Following this Court's decision in City of New York I, the Bureau resumed work on its plans to implement the PES, and implemented it in 1990. In the first step of the PES, the Bureau methodically selected approximately 5000 blocks *fn9" in an effort to attain an appropriate sample size for each poststratum. In February 1990, Bureau employees visited each sample block and listed all the housing units they found, identifying approximately 170,000 households. In July 1990, Census Bureau interviewers returned to each address to obtain information regarding the residency status of those households on Census Day. The Bureau found that those blocks contained approximately 400,000 people. Tr. at 208. After collecting the PES data, the Bureau matched it to the information collected in the original enumeration for those same sample blocks. From this matching, the Bureau endeavored to estimate, for each poststratum, rates of omission and erroneous enumeration, and from these calculated a net undercount rate for each poststratum. Tr. at 221.

 The Bureau used these results to develop an "adjustment factor" for each poststratum, i.e., the number by which the population count as indicated by the census had to be multiplied so that the entire census would reflect the variations found in the PES. Accordingly, the 1,392 poststrata resulted in 1,392 corresponding adjustment factors. One further statistical twist to the use of the PES was the employment of "smoothing." *fn10" After smoothing, the Bureau used the smoothed adjustment factors to produce adjusted counts down to the block level, which were then aggregated to provide population estimates for cities, counties, states, and the nation. Tr. at 224-25; Decision at 4-18.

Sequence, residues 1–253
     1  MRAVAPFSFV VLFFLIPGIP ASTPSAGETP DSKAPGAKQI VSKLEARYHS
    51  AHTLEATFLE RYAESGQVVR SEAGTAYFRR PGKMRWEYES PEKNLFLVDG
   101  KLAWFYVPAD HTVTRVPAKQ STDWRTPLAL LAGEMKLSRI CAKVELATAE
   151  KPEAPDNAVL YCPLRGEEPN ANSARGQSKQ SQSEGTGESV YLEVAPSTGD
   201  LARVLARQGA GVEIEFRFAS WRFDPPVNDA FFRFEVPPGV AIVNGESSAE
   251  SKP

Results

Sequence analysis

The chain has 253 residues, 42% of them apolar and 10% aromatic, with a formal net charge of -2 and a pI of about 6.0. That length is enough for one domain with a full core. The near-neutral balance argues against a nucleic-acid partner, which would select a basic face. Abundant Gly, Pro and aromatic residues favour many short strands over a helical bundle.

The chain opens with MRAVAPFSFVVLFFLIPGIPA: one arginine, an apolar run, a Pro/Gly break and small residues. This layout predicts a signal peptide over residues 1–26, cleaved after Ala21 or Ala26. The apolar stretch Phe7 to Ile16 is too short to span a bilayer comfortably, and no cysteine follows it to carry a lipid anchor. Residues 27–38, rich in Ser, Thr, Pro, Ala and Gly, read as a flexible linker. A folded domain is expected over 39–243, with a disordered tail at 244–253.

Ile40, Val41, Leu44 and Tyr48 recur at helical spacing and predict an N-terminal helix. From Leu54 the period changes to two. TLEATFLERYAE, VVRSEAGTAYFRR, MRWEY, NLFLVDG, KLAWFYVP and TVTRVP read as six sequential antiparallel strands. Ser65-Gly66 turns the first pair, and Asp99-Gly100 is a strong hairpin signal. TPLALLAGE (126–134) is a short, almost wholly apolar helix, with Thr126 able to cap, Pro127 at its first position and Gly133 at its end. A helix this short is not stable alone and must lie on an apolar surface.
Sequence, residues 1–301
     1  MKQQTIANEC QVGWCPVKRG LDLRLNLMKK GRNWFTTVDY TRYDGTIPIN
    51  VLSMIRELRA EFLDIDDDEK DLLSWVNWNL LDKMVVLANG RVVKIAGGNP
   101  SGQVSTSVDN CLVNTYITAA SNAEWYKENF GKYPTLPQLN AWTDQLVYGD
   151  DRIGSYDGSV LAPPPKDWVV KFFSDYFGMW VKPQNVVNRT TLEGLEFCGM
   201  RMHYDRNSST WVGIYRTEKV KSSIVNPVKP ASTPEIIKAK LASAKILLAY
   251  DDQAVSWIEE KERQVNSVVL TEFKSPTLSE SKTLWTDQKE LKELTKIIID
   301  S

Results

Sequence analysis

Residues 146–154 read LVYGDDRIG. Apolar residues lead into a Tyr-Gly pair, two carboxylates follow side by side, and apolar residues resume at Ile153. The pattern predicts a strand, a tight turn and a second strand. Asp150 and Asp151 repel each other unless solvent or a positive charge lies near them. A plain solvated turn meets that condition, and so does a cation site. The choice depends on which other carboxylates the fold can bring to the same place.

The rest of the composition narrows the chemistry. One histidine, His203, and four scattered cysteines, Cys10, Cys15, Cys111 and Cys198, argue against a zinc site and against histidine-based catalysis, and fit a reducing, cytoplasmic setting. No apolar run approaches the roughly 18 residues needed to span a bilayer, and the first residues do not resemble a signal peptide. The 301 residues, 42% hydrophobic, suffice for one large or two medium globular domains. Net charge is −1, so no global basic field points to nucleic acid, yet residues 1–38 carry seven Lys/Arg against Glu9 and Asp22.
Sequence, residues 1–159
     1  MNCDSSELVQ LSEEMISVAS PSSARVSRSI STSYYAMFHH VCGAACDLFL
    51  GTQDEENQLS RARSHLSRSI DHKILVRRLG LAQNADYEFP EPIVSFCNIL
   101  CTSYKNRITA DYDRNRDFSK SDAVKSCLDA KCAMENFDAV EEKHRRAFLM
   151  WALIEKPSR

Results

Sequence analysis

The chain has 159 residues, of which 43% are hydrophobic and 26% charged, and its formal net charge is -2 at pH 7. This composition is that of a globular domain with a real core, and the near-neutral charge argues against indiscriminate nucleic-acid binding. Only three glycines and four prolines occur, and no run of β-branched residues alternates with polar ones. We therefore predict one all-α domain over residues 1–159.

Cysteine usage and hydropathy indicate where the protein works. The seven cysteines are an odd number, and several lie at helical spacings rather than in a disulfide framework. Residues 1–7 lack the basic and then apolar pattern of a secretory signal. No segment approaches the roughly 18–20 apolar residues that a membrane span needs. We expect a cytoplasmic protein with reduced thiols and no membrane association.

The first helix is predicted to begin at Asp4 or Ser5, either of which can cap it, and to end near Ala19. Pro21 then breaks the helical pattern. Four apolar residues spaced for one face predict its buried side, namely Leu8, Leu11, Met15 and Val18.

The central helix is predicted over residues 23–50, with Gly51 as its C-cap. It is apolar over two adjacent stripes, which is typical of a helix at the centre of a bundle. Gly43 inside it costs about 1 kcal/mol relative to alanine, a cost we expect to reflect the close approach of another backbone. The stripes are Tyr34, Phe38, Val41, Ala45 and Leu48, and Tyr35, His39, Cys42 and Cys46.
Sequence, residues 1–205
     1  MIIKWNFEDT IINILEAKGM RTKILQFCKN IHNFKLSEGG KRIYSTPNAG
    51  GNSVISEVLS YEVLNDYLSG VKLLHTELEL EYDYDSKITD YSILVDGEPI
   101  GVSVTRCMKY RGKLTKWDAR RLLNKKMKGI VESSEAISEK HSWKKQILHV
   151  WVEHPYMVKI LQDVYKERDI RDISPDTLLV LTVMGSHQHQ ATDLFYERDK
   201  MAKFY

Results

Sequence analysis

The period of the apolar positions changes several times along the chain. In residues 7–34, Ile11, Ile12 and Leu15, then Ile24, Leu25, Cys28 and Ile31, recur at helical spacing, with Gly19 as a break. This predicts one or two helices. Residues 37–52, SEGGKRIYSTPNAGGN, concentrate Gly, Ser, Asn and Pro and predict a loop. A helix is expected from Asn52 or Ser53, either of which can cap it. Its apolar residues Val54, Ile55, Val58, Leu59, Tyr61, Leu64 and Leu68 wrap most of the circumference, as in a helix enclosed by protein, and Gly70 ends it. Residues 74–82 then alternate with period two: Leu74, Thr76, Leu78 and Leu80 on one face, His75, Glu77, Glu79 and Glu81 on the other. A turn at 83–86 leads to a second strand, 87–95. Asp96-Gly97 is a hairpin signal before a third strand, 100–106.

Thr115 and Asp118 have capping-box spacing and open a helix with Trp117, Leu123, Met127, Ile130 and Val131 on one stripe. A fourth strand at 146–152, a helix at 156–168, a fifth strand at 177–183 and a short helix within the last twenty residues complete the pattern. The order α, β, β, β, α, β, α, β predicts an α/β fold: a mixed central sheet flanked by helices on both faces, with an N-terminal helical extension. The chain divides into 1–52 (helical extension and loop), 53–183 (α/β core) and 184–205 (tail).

A number of quality control checks were made to test the results of the PES. First, the Bureau conducted or commissioned more than twenty formal research projects, called "P-Studies," to study the potential sources of error within the PES. The results of these P-Studies regarding particular sources of error were then combined in the "total error model" that summarized the overall quality of the PES data. Tr. at 652-59. *fn11"

 The final result of the PES was that the census enumeration was estimated to have undercounted the population by 5,269,917, or 2.07%. In terms of the differential undercount, the PES indicated that the census undercounted Hispanics by 5.2%, African-Americans by 4.8% and Asian/Pacific Islanders by 3.1%. The PES-calculated undercount for non-African-Americans was 1.7% and 1.2% for non-Hispanic whites, with a total national undercount of 2.1%. *fn12"

 The Bureau also conducted a number of "loss function analyses" to compare the quality of enumeration counts to the adjusted counts. A loss function analysis is a systematic way of assessing the consequences flowing from a particular decision. In the context of the adjustment decision, the Bureau used loss function analysis to determine whether the adjusted data were expected to be more accurate than the unadjusted data. Tr. at 1941-42. This Court is satisfied that for most purposes the PES resulted in a more accurate -- or to be statistically fashionable, a less inaccurate -- count than the original census.

 The Secretary's Decision and The Trial